In response to Jeffrey Smith’s letter of May 23:

Mr. Smith has questioned my motives for defending the second amendment, and specifically, the AR-15.

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In my first letter responding to Pamela Kelsey’s condemnation of the AR-15, I actually had included the fact that I build AR-15s for a living, but the 400 maximum word-count precluded me from doing so. I think the fact that I am immersed in the industry at least should grant me the facts and knowledge to defend it. I can’t imagine owning a company in an industry that I wouldn’t be prepared to defend.

What your Google search probably didn’t reveal was probably more significant. While I was growing up, my father built custom guns. Instead of milking cows, or working in the woods, my chores were helping him in his gun shop. I hated it, and wanted nothing to do with the business. After leaving home, I began a career in electronics that spanned 30 years. After my father’s death, I began “dabbling” in guns, and have grown to love the industry. My business that Jeffrey is referring to is my “retirement project,” not my chosen profession. And, by the way, I have produced well over 10,000 receivers for sportsman and competitors all over the country. Not one of them has been used in a crime, much less a murder.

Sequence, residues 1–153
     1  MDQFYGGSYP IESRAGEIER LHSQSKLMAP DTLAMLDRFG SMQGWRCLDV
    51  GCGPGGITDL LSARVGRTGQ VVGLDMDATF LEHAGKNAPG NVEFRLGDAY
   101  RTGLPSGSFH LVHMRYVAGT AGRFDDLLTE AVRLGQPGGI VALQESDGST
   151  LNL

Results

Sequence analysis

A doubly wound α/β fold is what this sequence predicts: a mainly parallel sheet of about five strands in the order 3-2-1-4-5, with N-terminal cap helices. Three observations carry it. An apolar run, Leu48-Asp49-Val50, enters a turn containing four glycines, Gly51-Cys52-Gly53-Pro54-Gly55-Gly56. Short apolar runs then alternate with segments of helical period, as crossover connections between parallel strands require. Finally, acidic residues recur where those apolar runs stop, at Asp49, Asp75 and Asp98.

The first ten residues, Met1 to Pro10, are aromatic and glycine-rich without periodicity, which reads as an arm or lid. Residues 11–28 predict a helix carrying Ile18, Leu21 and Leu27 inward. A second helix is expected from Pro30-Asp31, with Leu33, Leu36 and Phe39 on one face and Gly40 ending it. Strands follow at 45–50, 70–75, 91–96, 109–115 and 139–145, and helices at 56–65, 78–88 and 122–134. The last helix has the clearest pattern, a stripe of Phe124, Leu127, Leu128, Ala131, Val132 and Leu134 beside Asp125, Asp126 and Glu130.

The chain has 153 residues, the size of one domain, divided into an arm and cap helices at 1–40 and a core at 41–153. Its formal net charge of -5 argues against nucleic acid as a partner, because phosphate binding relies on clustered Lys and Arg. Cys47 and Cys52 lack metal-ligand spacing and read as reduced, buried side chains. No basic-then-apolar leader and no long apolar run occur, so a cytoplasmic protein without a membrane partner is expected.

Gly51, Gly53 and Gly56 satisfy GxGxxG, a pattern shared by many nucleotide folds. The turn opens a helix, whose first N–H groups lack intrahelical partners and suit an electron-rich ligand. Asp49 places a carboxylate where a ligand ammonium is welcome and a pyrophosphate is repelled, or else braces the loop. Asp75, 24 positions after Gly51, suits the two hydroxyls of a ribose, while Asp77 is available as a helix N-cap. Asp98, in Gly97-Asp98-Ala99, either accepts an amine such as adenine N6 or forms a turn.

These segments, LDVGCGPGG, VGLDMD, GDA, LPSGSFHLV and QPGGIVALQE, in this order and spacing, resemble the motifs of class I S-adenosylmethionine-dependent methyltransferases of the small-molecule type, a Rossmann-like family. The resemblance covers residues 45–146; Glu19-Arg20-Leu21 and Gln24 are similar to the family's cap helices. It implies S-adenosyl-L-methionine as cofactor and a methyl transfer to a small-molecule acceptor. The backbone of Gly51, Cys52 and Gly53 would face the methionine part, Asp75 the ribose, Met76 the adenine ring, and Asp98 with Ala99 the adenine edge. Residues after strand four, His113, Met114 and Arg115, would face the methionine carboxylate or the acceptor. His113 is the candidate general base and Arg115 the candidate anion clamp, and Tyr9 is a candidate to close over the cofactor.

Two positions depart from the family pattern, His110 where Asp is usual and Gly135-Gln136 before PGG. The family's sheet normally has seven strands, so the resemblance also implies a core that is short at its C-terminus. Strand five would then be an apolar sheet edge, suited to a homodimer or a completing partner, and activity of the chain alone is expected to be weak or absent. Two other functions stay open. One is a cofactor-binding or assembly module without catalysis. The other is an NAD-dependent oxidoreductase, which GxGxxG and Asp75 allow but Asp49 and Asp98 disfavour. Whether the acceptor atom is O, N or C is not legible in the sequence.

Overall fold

Back to my childhood: My father and I spent a huge amount of time together. I was present and involved in many conversations over the years involving “gun control.” I can remember me telling him, “They aren’t after your guns dad!” and him saying, “Perhaps not in my time, but you will be fighting for it in your time.” I thought he was radical, but it turns out he was spot-on, and ahead of his time.

So to answer your question Jeffrey: I am defending the Second Amendment in its entirety. If someone had written that they wanted the SKS banned, I would respond in its defense. I hate the SKS, I have no time for it, but I will defend people’s Second Amendment right to own it, and I will defend your First Amendment right to pen your letter to the editor. Remember, citizens don’t have to demonstrate a “need” to exercise a constitutional right. Rosa Parks didn’t “need” to sit in the front of the bus, and I don’t necessarily “need” an AR-15.

Mike Milli